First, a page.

See Refugees, Karen.
See Thailand, See Foreign Workers, Migrants. Sex Trade Under Thailand
Drugs and Smuggling Between Myanmar and Thailand
Describing the smuggling between Thailand and Myanmar, Thomas Fuller wrote in the New York Times, “The Moei River separating Myanmar from Thailand is a modest-sized waterway, wide enough to make someone think twice before swimming to the other side, but sufficiently narrow to allow smugglers to pile motorcycles, furniture and food onto rubber rafts and paddle across, as they do almost every night. Because of the smuggling along this border, Myawadi is prosperous by Myanmar's standards. Some of the buildings resemble the multi-story apartments on the Thai side. [Source: Thomas Fuller, New York Times, October 25, 2007]
Thailand, Myanmar, Insurgents and Border Skirmishes
The Myanmar junta has accused Thailand or arming Thailand-based Karen insurgents fighting the Myanmar government and the Thais have accused Myanmar of supporting the 20,000-member Wa army, which ties up the Thai Army in northern Thailand and floods Thailand with drugs.
One particularly sensitive issue is fighting between the Myanmar government and Karen insurgents near Thailand’s western border with Myanmar. Whenever the Myanmar military launches an offensive against the insurgents it sends Karen refugees pouring into Thailand. Occasionally mortars fired by the Myanmar army at Karen insurgents land in Thailand. In February 2001, there was fighting between Thailand and Myanmar. The Thai border town of Mae Sai was hit by mortars fired from Myanmar. Two women were killed and nine other people were injured. The Thai government closed the border and sent reinforcement troops to the area.
Fighting between Shan rebels and Myanmar has also spilled into Thailand, with the Myanmar government accusing the Thais of assisting the rebels. At one point Myanmar forces occupied a hill in Thai territory. Around 20 Myanmar soldiers were killed and 100 were injured in the heavy artillery assault by Thai forces to reclaim the hill. The Shan insurgency has largely dissolved but some its fighters are believed to have been absorbed into the Wa army.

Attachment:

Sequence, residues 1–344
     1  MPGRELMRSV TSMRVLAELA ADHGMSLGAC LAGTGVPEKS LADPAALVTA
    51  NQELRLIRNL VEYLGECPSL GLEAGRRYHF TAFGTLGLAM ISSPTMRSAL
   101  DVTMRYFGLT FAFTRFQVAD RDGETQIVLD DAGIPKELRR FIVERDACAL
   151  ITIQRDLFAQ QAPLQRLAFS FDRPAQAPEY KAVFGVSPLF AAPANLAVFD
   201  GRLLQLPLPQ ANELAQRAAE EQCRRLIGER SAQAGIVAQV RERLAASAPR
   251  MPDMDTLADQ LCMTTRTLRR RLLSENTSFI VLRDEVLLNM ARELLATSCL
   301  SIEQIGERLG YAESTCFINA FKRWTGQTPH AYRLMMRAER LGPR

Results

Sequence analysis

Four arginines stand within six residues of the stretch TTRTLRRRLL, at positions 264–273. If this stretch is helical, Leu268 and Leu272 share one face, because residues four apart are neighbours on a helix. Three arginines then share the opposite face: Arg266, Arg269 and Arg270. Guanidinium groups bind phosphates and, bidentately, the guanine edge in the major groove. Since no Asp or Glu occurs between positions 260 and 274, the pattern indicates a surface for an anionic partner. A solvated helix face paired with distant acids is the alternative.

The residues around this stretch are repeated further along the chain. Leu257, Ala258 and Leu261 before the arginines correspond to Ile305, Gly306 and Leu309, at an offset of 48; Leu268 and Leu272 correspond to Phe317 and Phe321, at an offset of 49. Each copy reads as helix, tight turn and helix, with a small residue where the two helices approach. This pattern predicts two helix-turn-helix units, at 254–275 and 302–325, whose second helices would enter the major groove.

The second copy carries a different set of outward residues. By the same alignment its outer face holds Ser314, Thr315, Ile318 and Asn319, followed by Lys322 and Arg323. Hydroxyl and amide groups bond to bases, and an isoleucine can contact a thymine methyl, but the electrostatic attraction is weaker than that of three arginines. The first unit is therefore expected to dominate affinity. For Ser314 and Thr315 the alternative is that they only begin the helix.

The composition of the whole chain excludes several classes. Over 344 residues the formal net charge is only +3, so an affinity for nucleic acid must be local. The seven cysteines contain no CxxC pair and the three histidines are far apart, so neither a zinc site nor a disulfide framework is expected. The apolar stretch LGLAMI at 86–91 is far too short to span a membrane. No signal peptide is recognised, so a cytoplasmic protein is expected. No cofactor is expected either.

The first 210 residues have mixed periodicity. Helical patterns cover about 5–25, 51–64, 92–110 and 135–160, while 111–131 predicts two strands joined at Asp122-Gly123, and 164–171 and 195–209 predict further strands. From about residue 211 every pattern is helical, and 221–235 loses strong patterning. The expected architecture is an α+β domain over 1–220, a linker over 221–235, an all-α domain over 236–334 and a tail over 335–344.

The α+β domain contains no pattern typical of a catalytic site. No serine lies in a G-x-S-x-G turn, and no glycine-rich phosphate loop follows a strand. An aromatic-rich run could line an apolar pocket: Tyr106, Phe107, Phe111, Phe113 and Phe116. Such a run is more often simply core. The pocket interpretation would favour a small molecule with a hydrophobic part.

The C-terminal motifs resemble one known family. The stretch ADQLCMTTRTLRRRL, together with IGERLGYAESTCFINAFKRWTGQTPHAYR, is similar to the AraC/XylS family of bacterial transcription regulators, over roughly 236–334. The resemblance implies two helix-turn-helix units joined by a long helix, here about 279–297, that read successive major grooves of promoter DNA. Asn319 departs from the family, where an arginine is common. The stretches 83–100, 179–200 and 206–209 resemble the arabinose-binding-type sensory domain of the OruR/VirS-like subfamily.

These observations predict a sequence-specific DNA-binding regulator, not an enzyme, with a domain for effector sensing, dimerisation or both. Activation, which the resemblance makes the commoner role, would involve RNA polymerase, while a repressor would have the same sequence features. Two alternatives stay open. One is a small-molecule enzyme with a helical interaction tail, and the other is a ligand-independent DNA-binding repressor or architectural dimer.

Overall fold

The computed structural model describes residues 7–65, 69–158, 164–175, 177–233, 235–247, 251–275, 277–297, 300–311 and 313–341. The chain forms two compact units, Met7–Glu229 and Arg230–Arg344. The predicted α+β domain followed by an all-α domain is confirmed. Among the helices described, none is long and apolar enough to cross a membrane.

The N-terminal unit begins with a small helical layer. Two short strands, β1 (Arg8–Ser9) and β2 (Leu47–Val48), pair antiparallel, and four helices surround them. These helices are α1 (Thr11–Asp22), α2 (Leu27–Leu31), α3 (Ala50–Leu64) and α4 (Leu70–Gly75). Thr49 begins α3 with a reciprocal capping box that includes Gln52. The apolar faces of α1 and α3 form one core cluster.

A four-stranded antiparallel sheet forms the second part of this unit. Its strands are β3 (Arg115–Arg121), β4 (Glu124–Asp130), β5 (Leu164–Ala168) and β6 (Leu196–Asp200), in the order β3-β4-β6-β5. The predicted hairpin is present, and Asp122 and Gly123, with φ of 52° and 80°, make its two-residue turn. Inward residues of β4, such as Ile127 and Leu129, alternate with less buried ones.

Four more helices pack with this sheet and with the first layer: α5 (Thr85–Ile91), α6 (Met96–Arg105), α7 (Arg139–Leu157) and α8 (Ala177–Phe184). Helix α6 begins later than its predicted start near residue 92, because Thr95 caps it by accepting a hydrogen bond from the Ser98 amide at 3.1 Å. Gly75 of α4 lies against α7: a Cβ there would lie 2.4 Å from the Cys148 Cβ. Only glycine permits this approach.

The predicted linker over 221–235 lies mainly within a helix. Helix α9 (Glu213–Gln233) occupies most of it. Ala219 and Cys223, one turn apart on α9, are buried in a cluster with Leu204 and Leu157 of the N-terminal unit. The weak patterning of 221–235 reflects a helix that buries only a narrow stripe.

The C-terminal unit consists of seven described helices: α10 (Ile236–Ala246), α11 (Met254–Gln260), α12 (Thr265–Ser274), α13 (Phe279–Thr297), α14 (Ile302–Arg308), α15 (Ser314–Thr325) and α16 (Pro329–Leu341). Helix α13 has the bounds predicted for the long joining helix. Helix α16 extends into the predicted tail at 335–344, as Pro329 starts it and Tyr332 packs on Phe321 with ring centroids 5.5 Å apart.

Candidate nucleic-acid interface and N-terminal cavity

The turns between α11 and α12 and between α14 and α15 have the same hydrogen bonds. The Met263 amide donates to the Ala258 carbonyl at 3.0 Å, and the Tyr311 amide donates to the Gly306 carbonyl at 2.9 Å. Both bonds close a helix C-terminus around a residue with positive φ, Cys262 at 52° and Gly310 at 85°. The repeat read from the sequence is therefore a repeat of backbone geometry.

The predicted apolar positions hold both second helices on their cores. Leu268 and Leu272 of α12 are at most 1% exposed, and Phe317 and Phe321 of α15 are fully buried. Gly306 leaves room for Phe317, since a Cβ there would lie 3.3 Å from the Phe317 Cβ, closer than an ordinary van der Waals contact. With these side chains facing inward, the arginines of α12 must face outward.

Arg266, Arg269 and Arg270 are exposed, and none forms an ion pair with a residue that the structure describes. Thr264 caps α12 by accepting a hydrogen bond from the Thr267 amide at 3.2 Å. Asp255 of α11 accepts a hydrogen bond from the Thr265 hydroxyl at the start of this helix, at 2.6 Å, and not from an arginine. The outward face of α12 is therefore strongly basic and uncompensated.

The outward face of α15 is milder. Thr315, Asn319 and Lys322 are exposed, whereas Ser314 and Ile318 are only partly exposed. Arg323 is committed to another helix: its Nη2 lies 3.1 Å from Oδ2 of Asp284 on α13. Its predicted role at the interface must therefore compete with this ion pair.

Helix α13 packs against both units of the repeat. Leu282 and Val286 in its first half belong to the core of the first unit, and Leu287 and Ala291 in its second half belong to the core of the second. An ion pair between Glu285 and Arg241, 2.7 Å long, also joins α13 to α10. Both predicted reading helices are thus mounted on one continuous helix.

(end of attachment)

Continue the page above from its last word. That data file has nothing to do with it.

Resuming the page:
Thailand’s Investments and Ambitious Port Project in Myanmar
In July 2012, AFP reported: “Thailand and Myanmar pledged to press ahead with a multi-billion-dollar deep sea port project and to open new border crossings during summit talks focused on strengthening economic ties. The Dawei development on Myanmar's southern Andaman coast is a key part of the impoverished country's plans to transform its economy, giving neighbours such as Thailand an outlet to the Indian Ocean and markets to the West. But the project—led by Thai industrial giant Ital-Thai—has faced resistance from local villagers and there have been signs of funding troubles. [Source: AFP, July 23, 2012]
The two countries signed a memorandum of understanding on the development of a special economic zone for Dawei, with Thailand agreeing to provide assistance in areas including security, infrastructure and logistics.Thai Prime Minister Yingluck Shinawatra told reporters after talks with visiting President Thein Sein on a twice-postponed trip to Bangkok that the two nations would set up ministerial-level contacts to address related issues. "In our talks, I reaffirmed the commitment of the Thai government to push forward with this cooperation with Myanmar in regard to the development of the Dawei deep sea port to have concrete progress," Yingluck said.
The Laem Chabang deep-sea port on Thailand's Gulf Coast, which is to be connected by road to Dawei, shortening the current sea route around the Malay Peninsula. The Dawei project would include a 250-square-kilometre industrial area with a steel mill, petrochemical plant and oil refinery. The Thai developer insists all is going to plan. It is among a number of ambitious foreign-funded projects which started before the long-ruling junta handed over power in 2011 to a new quasi-civilian government whose ranks are filled with former generals. But doubts about the port development grew after Myanmar's government earlier this year blocked a 4,000-megawatt coal-fired plant that was to be built at Dawei.
Text Sources: New York Times, Washington Post, Los Angeles Times, Times of London, Lonely Planet Guides, The Irrawaddy, Myanmar Travel Information Compton’s Encyclopedia, The Guardian, National Geographic, Smithsonian magazine, The New Yorker, Time, Newsweek, Reuters, AP, AFP, Wall Street Journal, The Atlantic Monthly, The Economist, Global Viewpoint (Christian Science Monitor), Foreign Policy, burmalibrary.org, burmanet.org, Wikipedia, BBC, CNN, NBC News, Fox News and various books and other publications.
Last updated May 2014